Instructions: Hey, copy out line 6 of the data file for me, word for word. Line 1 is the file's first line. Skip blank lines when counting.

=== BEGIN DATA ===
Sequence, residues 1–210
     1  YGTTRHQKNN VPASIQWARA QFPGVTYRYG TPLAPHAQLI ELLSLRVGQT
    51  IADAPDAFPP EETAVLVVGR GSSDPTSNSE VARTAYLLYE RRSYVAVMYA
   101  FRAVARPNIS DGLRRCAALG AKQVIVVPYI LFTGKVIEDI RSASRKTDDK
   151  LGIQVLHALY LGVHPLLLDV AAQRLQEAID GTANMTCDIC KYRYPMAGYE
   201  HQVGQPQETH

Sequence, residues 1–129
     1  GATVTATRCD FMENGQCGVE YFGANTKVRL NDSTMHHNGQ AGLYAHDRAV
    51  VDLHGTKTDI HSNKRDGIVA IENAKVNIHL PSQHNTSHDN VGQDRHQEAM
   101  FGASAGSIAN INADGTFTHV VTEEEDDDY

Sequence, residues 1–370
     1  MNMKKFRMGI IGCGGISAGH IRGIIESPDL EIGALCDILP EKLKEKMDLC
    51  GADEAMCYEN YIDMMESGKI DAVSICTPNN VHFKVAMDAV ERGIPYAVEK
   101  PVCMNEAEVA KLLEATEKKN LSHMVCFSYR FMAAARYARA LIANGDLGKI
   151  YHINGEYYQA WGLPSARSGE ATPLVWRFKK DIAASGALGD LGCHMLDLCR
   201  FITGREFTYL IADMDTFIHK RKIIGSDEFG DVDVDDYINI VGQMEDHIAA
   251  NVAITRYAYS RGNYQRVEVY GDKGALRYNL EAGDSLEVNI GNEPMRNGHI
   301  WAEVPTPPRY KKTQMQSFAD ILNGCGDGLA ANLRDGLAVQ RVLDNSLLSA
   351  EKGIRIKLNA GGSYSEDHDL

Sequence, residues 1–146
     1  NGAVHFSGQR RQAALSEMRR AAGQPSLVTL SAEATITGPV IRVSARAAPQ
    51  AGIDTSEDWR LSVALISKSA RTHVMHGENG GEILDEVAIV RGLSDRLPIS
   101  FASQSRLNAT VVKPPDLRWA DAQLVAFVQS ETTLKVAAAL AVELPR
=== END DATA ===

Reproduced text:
   201  HQVGQPQETH